April 2022 Global Commodity Snapshot

War Impact:  Ukraine’s planting estimates started to solidify as areas under corn seeding were seen at 3.8m ha, down -31% from last year while areas under soybean were increased to 1.4m ha, up +12% from 2021.  The outlook for total area under spring crops was raised by +5% from a previous estimate to 13.9m ha, as northern areas became available for planting after Russian troops pulled back from the Kiev region.  Meanwhile, Russia planted 3.5m hectares of spring crops so far per Interfax, compared with 3.1m hectares at the same time last year.  Good weather allowed farmers to start field work 2-3 weeks earlier than usual; spring sowing is expected to cover 53.6m hectares.  97% of winter crops were in good condition, more than last year.  The agricultural ministry saw the grains harvest totaling 123m tons in 2022, compared with 121.4m tons last year.  China’s top offshore oil and gas producer CNOOC prepared to exit its operations in Britain, Canada and the United States because of concerns in Beijing the assets could become subject to Western sanctions.  Ties between China and the West have long been strained by trade and human rights issues and the tension has grown following Russia’s invasion of Ukraine, which China has refused to condemn.  The size of the assets was quite modest at around 220,000 bpd.  China also reportedly was looking at general methods to maintain other overseas assets and payments in case of sanctions or SWIFT blockages.


OPEC+ Voted to Increase Production at their May 5th meeting by 432k barrels per day (bpd) during June.  OPEC pumped 28.7 mbpd during April, up +0.2 mbpd but far less than current quotas.  Libya’s oil production fell 500k bpd in mid-April as a wave of demonstrations blocked loadings, but was expected to be restored in early May.  Iran and the US have still not struck a deal to let their oil freely come to market.


US Oil Production moved up fractionally to 11.9 mbpd during April while operating rigs moved higher from 533 as of April 1st to 552 as of April 29th.  Per AAA, US average regular gasoline prices declined fractionally to $4.19 on April 30th, down from $4.22 per gallon last month.  Biden unleashed a flurry of new decisions as his administration tried to stem backlash over higher gasoline prices but keep his political agenda.  First, on April 19th, he restored stricter rules for new pipelines, power plants, highways and other construction projects that wouldLNG Armada require wider definitions of pollution.  Biden also ordered a series of bids this fall to buy back 60 million barrels of crude for the Strategic Petroleum Reserve some time in the future after selling 180mn barrels of crude over the next six months.  Will he be selling high, buying back higher?  In another foreboding sign of oil scarcity, supplies at the central delivery point of Cushing, Oklahoma fell to an estimated 11% of capacity, the same as previous lows in 2018 and 2014.  Meanwhile, natural gas exports continued to increase, taking a higher portion of US production as the world paid up for non-Russian supplies.  Natural gas in storage hit the second-lowest level in the last ten years on a freak April ice storm that shut in Bakken production.  Higher demand…lower supply… higher prices.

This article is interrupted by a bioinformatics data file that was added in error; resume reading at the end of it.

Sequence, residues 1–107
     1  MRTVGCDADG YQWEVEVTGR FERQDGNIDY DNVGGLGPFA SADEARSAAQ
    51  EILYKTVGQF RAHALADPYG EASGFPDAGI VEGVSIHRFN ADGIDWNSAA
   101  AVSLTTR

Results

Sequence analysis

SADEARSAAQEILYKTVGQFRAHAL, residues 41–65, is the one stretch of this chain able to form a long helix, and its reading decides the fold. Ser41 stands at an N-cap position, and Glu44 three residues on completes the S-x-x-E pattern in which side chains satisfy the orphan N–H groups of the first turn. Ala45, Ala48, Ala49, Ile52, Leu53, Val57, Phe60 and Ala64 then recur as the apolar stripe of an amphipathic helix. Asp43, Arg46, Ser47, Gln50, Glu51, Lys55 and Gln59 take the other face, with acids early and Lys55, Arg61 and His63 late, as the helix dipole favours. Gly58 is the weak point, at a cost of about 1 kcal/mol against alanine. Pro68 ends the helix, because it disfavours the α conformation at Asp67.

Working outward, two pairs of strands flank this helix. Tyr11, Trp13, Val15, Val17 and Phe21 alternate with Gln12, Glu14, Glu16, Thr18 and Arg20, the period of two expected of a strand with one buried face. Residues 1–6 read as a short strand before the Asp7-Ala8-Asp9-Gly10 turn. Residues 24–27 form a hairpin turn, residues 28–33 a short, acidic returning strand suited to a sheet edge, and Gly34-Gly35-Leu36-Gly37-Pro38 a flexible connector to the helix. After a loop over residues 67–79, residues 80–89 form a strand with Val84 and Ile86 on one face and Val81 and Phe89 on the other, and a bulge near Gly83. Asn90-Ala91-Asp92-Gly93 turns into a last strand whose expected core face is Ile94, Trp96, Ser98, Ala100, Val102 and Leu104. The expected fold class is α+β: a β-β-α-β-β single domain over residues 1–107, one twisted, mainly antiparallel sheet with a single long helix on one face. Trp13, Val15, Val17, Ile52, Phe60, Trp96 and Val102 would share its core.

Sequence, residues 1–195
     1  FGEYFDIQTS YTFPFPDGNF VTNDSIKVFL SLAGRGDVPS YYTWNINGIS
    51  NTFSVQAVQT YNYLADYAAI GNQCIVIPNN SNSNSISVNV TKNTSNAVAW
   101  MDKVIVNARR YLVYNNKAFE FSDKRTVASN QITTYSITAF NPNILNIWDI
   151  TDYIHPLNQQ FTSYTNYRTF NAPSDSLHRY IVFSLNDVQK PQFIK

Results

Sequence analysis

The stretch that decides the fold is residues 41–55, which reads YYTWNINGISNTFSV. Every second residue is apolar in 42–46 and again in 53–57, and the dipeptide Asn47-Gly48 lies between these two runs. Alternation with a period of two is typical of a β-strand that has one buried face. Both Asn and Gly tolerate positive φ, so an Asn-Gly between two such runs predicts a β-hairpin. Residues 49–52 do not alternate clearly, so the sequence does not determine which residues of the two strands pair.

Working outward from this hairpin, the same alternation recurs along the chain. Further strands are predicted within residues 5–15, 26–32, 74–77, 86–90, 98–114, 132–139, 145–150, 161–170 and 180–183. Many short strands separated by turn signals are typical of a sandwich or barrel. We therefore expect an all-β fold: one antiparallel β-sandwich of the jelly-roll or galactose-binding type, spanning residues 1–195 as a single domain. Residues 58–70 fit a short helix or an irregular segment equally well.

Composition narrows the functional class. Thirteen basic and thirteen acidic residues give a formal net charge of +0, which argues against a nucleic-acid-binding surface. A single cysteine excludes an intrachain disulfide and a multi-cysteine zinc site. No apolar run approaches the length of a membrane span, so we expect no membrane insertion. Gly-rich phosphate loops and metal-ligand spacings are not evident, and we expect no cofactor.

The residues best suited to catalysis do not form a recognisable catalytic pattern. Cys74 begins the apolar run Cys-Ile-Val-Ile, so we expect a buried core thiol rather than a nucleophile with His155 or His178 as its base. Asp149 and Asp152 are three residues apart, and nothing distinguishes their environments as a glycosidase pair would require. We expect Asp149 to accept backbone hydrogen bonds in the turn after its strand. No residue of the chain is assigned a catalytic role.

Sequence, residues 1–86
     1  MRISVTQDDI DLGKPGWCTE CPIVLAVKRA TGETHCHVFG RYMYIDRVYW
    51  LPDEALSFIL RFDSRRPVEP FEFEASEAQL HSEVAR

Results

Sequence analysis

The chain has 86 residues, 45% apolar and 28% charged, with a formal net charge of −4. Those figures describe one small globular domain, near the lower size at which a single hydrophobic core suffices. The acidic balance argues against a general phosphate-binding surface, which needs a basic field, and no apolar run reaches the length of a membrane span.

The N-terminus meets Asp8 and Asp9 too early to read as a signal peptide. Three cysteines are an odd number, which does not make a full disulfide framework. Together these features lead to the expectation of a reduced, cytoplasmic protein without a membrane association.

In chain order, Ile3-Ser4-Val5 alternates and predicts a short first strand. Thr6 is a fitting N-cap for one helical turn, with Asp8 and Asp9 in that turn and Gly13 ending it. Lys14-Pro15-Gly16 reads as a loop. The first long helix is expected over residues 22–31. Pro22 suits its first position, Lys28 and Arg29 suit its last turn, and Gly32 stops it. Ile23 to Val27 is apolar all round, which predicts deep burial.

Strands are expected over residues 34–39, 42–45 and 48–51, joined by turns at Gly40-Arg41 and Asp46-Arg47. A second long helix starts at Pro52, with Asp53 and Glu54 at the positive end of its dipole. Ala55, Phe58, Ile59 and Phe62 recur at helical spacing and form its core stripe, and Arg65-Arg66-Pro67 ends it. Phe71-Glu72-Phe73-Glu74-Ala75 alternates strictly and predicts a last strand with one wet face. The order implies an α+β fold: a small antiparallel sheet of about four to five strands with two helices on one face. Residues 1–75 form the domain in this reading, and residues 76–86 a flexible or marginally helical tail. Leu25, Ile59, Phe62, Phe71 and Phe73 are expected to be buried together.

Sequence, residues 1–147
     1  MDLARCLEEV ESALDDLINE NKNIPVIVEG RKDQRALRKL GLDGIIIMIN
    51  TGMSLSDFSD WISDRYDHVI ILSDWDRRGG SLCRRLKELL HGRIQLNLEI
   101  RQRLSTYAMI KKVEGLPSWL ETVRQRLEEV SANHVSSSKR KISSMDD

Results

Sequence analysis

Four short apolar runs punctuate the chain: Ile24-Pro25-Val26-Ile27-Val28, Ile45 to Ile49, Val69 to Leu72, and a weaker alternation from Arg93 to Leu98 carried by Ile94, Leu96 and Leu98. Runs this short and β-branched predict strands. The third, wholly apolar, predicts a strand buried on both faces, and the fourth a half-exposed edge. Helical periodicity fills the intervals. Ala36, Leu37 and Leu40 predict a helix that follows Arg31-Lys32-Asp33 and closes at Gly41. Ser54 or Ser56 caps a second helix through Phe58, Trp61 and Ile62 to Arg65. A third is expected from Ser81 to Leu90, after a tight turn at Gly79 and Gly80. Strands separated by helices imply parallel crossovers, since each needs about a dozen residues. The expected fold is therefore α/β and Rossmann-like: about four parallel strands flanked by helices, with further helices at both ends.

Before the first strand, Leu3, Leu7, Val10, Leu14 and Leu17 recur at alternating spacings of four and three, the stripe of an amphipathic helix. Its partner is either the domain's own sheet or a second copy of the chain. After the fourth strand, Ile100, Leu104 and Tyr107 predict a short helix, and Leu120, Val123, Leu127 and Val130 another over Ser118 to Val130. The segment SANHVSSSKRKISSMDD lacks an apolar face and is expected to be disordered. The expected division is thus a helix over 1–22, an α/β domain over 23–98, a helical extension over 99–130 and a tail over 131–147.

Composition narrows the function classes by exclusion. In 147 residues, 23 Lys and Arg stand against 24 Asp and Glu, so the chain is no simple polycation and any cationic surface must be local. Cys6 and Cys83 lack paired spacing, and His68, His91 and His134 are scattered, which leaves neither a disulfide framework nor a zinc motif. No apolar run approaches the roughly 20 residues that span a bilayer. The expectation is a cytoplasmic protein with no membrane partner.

US Crop Planting was off to a slow start as corn in the ground was 14% vs 7% last week, and 42% a year ago.  Soybeans, wheat and cotton showed similar numbers as wet weather slowed planting progress.  However, with sunny weather projected for mid-May, a rapid catch-up was expected.  Late crops risk freezes and other weather issues late in the year, so something to watch.  Brazilian crop was expected to come in below estimates due to dryness but the consultants still projected a record corn harvest because of larger acreage under plow.  Argentina’s exports surged to a 6-month high in March, as prices soared for the nation’s soy, corn and wheat after Russia’s invasion of Ukraine.  Chile, Ecuador and Brazil also reported record exports in March.


For fun this month, we offer up three unique finds:


“We wondered, how on earth are these fries still in this bag and how are they preserved so well?” Grace said. “My thoughts are that it was likely the salt that dried out and preserved the fries, not actual preservatives. Or at least that’s what I’m telling myself.”



A 2000-year-old postcard



The link says it all… beyond brilliant!


All the best in your investing!  Stay healthy!

David Burkart, CFA

Coloma Capital Futures®, LLC
Special contributor to aiSource